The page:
(j .1 ‘ L . . force microscopy, to study the structure and function of nucleoprotein assemblies. His ,
i .\ I "' laboratory is developing methods of single—molecule manipulation, such as optical and
7 .. :7 _ :gl : 7 . \. f : magnetic tweezers, to characterize the elasticity of DNA, to induce the mechanic_ql_fi___ ::__WW___ .WW--.
’ W ' V "T WW” \. ” ”"fmui'Jnfoidifi‘g of Indivraual‘b‘ro'tém anHR‘NA'Tfi‘éi'e‘cu es,'ana‘t‘6"i'fiVé‘s‘tTg-<fie'thé machine-like ‘
i behavior of molecular motors. : ‘
. Dr. Bustamante Is a professor of molecular cell biology, physics, and chemistry at the
University of California, Berkeley where he also serves as the Raymond & Beverley Sackler Chair of Biophysics. He is
; also biophysicist faculty scientist at Lawrence Berkeley National Laboratory. Dr. Bustamante is the author of more
) than 250 publications. He is a member of the National Academy of Science and was also elected as a Member of
' the Chilean Academy of Science. His accolades include the Searle Scholar award, Alfred P. Sloan Fellowship, the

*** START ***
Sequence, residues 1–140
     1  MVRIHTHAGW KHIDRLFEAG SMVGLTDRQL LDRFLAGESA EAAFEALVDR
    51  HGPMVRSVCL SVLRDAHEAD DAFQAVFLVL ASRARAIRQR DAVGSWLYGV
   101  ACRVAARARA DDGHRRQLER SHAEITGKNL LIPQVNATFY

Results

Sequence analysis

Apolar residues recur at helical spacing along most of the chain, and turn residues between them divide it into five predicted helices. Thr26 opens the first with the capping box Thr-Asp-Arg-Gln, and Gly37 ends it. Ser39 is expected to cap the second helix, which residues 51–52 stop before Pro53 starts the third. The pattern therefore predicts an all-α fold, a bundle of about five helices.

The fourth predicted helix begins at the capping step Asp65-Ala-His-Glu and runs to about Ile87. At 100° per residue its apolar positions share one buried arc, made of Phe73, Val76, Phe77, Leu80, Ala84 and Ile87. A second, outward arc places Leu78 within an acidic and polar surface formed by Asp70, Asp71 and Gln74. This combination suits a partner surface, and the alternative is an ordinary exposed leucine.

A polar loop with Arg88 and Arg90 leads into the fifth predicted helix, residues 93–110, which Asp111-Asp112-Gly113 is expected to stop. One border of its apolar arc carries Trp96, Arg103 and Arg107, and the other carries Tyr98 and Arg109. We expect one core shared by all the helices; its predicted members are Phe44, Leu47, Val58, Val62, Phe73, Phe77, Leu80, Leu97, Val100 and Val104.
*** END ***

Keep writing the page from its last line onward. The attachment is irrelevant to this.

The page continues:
Raymond and Beverly Sackler International Prize in Biophysics, the Vllcek Prize, National Science Prize of Peru, Hans
Neurath Prize of the Protein Society, and the Southern Peru Copper Corporation Prize. He has been recognized
as an Honorary Professor and Doctor Honoris Causa by the Universidad Nacional Mayor de San Marcos in Lima,
Peru; Doctor Honoris Causa by the Universidad Nacional de Ingenieria in Lima, Peru; Doctor Honoris Causa by the
Unive rsidad Peruana Cayetano in Heredia, Peru; Honorary Member of the Spanish Biophysical Society; and Doctor ,
Honoris Causa from the Universidad Peruana Ricardo Palma in Lima, Peru.
2015 Naff Committee Members
Professor Chris Richards (Chemistry, Committee Chair)
Professor Jason DeRouchey (Chemistry) 1‘ N . " F “5”“ “I .
Professor Marcelo Guzman (Chemistry) MW -
Professor Anne—Francis Miller (Chemistry) 1 6
For more information, contact Dr. Chris Richards of mm L a}
chris.richards@uky.edu ARTS&$CIENCES I 8 65 ~ 20 I S